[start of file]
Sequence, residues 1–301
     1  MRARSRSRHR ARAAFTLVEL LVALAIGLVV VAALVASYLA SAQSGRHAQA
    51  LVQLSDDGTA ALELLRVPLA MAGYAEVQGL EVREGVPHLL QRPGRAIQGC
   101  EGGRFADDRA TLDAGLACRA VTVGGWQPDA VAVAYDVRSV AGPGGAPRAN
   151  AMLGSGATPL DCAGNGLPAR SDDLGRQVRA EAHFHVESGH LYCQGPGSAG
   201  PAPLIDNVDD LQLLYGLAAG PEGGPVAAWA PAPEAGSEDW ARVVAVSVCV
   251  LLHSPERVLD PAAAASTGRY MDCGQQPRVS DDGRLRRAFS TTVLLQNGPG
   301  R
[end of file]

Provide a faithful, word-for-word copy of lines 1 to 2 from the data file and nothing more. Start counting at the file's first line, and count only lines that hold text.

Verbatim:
Sequence, residues 1–301
     1  MRARSRSRHR ARAAFTLVEL LVALAIGLVV VAALVASYLA SAQSGRHAQA